If you’ve been learning to play the piano for a few months, you will probably have started getting to grips with a number of scales and their triads. C major tends to be the first one, as it consists entirely of white notes. Expanding out from this, you’ll cover G major (one sharp) and F major (one flat), before branching out into minors, specifically A minor, D minor and E minor.
These may seem at first like a rather random collection of scales, but together they form the C major family of scales. Their triads (the first, third and fifth notes of the scales) are all white notes, which make them easy to work out.
If you are looking to play songs for your own pleasure (or even for the entertainment of others), this is a great place to start as, with this small handful of chords, you can play the vast majority of songs that are out there.
At first, it’s fine to tackle these as single chords (no rhythm) in the root position, as shown above – with your left hand taking the root note and your right hand taking the chord. In time, however, you’ll want to add in some rhythm and chord inversions. For more info on chord inversions, check out my post about chord exercises for piano. As for rhythm, this is the standard 4/4 rhythm I recommend for getting started:
As you can see, the right hand is playing steady minim (half note) chords, while in the left hand, the little finger plays the root note as a single semi-breve (whole note), while the thumb plays the same note an octave higher with the rhythm: dotted minim (three-quarter note) – crotchet (quarter note).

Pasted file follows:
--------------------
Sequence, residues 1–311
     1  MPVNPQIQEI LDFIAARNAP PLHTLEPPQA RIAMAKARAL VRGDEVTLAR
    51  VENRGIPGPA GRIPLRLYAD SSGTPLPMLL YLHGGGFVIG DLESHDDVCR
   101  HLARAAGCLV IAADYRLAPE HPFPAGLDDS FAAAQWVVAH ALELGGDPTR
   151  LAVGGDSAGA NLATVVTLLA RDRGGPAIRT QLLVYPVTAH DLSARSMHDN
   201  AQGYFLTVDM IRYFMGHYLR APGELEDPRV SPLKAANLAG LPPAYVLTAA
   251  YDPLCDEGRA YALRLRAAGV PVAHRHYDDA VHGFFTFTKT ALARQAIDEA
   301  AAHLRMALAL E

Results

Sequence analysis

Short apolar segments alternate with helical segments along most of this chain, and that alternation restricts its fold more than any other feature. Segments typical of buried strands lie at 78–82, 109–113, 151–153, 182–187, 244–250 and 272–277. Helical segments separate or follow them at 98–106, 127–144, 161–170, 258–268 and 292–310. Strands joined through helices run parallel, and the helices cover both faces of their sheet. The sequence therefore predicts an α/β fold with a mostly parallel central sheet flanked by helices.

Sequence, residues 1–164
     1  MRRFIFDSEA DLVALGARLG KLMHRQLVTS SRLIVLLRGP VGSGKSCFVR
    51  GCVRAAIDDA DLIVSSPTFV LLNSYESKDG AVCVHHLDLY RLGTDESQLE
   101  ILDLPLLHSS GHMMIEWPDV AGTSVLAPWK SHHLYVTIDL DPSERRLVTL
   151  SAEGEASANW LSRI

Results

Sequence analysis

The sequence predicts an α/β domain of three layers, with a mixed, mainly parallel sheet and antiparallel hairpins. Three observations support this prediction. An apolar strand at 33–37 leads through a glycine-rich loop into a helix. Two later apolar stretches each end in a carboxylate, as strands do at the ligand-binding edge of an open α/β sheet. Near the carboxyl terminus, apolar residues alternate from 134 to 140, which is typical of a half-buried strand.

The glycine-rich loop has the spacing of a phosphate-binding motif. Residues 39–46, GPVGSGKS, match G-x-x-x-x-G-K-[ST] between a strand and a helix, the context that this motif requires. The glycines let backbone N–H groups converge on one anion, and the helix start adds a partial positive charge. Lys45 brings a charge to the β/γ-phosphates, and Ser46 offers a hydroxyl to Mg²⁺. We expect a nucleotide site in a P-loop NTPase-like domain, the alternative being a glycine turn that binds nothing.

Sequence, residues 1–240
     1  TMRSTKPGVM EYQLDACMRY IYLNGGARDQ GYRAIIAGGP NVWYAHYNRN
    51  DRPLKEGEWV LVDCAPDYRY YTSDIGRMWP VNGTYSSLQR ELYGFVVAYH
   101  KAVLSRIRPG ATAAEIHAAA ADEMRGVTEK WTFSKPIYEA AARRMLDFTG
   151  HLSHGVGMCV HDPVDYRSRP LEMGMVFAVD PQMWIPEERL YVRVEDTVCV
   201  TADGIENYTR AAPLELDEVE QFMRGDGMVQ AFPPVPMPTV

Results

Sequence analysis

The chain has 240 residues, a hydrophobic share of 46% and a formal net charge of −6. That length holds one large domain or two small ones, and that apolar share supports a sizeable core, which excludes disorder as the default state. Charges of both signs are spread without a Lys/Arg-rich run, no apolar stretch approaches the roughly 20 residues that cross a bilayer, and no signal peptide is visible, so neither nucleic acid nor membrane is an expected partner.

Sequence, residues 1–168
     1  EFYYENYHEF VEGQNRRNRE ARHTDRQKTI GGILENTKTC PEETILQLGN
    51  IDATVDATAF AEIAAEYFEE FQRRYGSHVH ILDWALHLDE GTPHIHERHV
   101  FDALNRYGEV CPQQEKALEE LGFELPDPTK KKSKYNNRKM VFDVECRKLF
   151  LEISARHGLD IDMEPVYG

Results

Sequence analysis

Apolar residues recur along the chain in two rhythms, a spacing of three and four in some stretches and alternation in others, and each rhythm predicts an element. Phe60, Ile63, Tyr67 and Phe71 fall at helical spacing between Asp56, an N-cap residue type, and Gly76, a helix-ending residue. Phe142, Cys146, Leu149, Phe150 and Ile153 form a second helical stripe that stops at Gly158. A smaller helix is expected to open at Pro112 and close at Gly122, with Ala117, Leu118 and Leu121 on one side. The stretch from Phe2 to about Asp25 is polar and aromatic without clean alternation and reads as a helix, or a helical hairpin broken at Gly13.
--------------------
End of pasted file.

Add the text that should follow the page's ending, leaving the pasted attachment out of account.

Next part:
As you progress further at the piano, you will learn more scales together with their chords, filling up the extended C family, which includes the majors and minors of all the white notes.
After this, you can look to incorporate chord decoration, such as bass note that aren’t the root, suspended-fourths, major, minor and dominant sevenths, added sixths and seconds and so on.
To help to develop your chord knowledge, I have put together a PDF of chord progressions. They are laid out in three ‘blocks’, the first being the standard C major family (as shown above), the second being the extended C family, and the third adding in some of those decorations.
Use these to help practice moving between chords and get to know them in their various inversions etc. Simply pick one cell in whichever block is appropriate and play round and round the chords listed there. Here’s the PDF:
If you have any questions about these or any other piano learning stuff, please do get in touch. All the best!